So, the interesting point we are left with is how the power of a phrase like the banality of the evil is lost over time; how it becomes banal itself. And this is not limited to that phrase – not fit for purpose, keep calm and carry on and all that completely banal language. Which, I think, would raise Orwell’s analysis of newspeak (though slightly distinct).

    Anyway, thanks for stimulating an interesting discussion.

  107. 8:30 am on 8/15/12

    The more I read this discussion, the more I can’t help but keep agreeing with Chris’s original post — and disagreeing with comments like ‘lets not over-analyze what was just meant to be a bit of fun’, above. By that same fallacious logic,, awful-stereotype-reinforcing, low-quality pulp-fodder like the ‘Twilight’ and ’50 Shades’ series are beyond criticism because they happen to entertain vast swathes of the population. By all means, let’s be entertained; but don’t let it be at the expense of a cheap shot or two at an ethnic minority, or yet another glorification of the old imperialist Winston Churchill.

  108. Adam Lawrence
    9:36 am on 8/15/12

    Eric Idle – no reference to the original? You didn’t see the Roman troops referencing the film? You didn’t see rollerskating nuns “blasphemously” flashing their knickers? You didn’t hear the first ever “shit” at the Holy of Holies? I don’t see how Idle could have gone further in this context.

  109. Terry Horrowitz
    10:22 am on 8/15/12

    Did I miss the Pearly kings and Queens? I think I spotted Morris Dancers. Such a pastiche of pap – clearly the wrong choice by organisers who had already displayed (and stubbornly defended) spectacularly naff artistic judgement in logo and mascot choice.

    A terrible ticketing choice as well. In fact in every aspect but the pure sports organisation and delivery, questions were raised that others more expert in those fields, like the armed forces, were obliged to answer.

    The Tim Berners-Lee moment from the opening was a perfect opportunity to hyperlink to Britain’s next fifty years. Otherwise, where was any legacy in this further stagger down memory lane, with Russell Brand and Norman Cook on a psychedelic octopus, FFS..?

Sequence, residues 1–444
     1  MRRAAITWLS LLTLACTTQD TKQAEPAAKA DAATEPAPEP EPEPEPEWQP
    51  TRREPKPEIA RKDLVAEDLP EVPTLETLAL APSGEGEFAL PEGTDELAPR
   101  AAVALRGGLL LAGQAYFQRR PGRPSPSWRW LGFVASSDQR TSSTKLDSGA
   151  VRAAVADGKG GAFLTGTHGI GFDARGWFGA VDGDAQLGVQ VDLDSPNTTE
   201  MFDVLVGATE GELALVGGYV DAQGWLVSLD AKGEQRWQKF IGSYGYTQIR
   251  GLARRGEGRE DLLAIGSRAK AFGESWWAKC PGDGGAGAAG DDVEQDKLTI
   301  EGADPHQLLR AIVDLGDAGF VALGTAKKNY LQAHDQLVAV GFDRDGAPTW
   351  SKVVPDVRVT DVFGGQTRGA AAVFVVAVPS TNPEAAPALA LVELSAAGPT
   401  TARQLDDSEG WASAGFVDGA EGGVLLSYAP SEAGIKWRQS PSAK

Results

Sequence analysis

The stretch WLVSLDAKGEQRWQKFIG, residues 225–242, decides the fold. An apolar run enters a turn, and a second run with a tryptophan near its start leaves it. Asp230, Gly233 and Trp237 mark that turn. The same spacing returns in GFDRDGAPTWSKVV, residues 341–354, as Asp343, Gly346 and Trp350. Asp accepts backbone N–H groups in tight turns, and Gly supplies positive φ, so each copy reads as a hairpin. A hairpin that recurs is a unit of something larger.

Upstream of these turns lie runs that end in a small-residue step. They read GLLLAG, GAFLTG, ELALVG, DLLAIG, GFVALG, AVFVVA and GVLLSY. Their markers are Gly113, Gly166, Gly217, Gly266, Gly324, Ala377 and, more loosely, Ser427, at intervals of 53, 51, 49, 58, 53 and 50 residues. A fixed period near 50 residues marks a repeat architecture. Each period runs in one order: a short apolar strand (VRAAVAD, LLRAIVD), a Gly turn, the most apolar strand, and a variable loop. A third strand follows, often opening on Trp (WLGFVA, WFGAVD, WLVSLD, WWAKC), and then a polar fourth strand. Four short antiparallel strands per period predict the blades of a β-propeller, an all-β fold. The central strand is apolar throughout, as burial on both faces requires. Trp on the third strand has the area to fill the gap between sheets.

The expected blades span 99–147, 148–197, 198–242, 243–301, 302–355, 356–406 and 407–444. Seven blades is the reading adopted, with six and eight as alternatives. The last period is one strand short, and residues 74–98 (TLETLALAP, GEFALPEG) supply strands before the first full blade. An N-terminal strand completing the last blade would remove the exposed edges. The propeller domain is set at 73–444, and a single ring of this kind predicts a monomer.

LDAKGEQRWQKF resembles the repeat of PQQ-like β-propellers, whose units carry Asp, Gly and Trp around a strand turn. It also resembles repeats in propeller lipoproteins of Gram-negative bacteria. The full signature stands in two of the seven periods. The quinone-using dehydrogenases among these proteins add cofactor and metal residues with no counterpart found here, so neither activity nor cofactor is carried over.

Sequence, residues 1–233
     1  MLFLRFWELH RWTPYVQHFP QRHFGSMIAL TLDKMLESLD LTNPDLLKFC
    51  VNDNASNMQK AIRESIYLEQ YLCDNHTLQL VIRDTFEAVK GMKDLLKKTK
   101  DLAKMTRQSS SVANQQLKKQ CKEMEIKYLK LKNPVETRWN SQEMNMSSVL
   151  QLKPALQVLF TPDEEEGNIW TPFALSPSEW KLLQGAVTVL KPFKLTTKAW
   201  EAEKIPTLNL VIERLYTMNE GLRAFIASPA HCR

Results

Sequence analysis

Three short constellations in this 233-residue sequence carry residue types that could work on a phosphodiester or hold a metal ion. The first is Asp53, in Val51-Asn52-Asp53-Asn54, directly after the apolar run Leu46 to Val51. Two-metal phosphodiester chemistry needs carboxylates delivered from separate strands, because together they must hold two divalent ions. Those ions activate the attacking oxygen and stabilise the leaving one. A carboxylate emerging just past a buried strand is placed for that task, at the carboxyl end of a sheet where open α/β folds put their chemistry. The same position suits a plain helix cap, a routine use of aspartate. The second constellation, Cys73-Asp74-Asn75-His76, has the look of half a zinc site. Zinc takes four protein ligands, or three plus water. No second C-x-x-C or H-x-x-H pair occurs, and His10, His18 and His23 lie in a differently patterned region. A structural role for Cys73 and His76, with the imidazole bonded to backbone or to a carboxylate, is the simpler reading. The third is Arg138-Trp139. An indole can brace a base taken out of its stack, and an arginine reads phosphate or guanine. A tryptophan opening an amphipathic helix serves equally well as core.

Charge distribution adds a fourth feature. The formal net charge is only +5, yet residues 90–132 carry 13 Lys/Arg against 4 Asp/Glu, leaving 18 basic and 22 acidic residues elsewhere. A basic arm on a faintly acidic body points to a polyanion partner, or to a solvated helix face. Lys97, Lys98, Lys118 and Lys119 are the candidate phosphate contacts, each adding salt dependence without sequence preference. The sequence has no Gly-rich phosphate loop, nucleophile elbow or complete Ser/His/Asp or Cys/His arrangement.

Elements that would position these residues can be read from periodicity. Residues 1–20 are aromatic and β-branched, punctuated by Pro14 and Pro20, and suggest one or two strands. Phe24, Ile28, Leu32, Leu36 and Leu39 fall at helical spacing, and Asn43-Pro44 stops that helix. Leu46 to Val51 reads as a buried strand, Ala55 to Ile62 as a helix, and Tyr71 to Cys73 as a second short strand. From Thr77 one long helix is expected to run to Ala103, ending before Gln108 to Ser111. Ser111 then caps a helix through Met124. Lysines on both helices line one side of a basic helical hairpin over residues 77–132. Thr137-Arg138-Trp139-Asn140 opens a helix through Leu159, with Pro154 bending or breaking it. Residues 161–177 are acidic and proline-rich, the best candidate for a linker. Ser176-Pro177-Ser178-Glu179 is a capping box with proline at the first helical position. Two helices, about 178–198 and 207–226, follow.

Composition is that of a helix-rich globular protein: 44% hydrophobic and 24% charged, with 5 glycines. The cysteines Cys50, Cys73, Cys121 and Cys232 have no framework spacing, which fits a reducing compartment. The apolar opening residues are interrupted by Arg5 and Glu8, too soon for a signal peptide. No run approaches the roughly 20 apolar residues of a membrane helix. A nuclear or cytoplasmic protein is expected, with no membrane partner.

However, the Freddie Mercury virtual resurrection was as dangerous as it was magical; how it underlined that most of the live acts only possessed a fraction of his performance charisma and entertainment value of the late and great.

    A link from Berners-Lee to Sir Jonathan Ive, born less than ten miles away in Chingford – and the designer of all things Apple – would have forced the US networks to explain once again to their bemused viewers that it was some Brit that was in fact largely responsible for iconic US (made in China) products at the core of a US (made in Britain) culture.

    Opportunity lost. Again.

  110. Danny
    4:31 pm on 8/15/12

    Because the closing ceremony is always a party for the athletes- it was always going to be a huge concert full of music. OK, you don’t like the songs or the way they were presented but that doesn’t make it part of a racist and misogynist agenda. The athletes enjoyed it (as seen by lots of Tweets and interviews where they described it as the best ever). In fact, most teams said The Spice Girls was their favourite bit- how does that fit into this agenda? If the athletes are happy, I’m happy, the event is for them and not us.

  111. 7:38 pm on 8/15/12

    That was v clever. I loved it.

    The only bit I disagree about was George Michael – I thought having an openly gay man given solo stage time while the whole audience has rainbow colours projected on them was a wonderful message to the more repressive countries watching.

    Somewhat weakened when it was so disconnected, then they let him do his new single, which i) was crap and ii) noone knew iii) blatant commercialism. Oh Gavin

  112. Ian The Bearded Tortoise
    10:24 pm on 8/15/12

    It was pointless (covered in newspaper), weird (dancing nuns), crap (most of the performers), strange (SuperModels WTF?).

    In an industry of sport where drug taking is condemend, forbidden, punished why did we celebrate with a bunch of drug taking Has Beens, who if they lived by the same rules would not have been there for having a four year ban or life time ban. Russel Brand, George Michael, Liam Gallagher, Kate Moss………….

    The bright side of life? How fucking depressing. Who else did he want – a racist Alf Garnett, a pervy Benny Hill, Ooh Er Mrs how’s yer father what a load a carry on bollocks?

  113. 12:55 pm on 8/22/12

    [...] Duffy’s poem It really did feel like a different Britain for two weeks, right up until the closing ceremony, but you can’t be happy the whole time. I know – I live in [...]

  114. 11:57 am on 8/26/12

    [...] Duffy’s poem It really did feel like a different Britain for two weeks, right up until the closing ceremony, but you can’t be happy the whole time. I know – I live in Denmark. (Update, 26 August: [...]

  115. 10:59 pm on 9/30/12

    [...] I hate about 90’s (?!) Britain. I could write a whole post on this but someone saved me the time: http://christt.com/words/closingceremony/. To celebrate “A Symphony of British Music”, alongside One Direction on loop, we were treated [...]

  116. 12:46 pm on 12/20/12

    Great article. I will be going through some of these issues
    as well..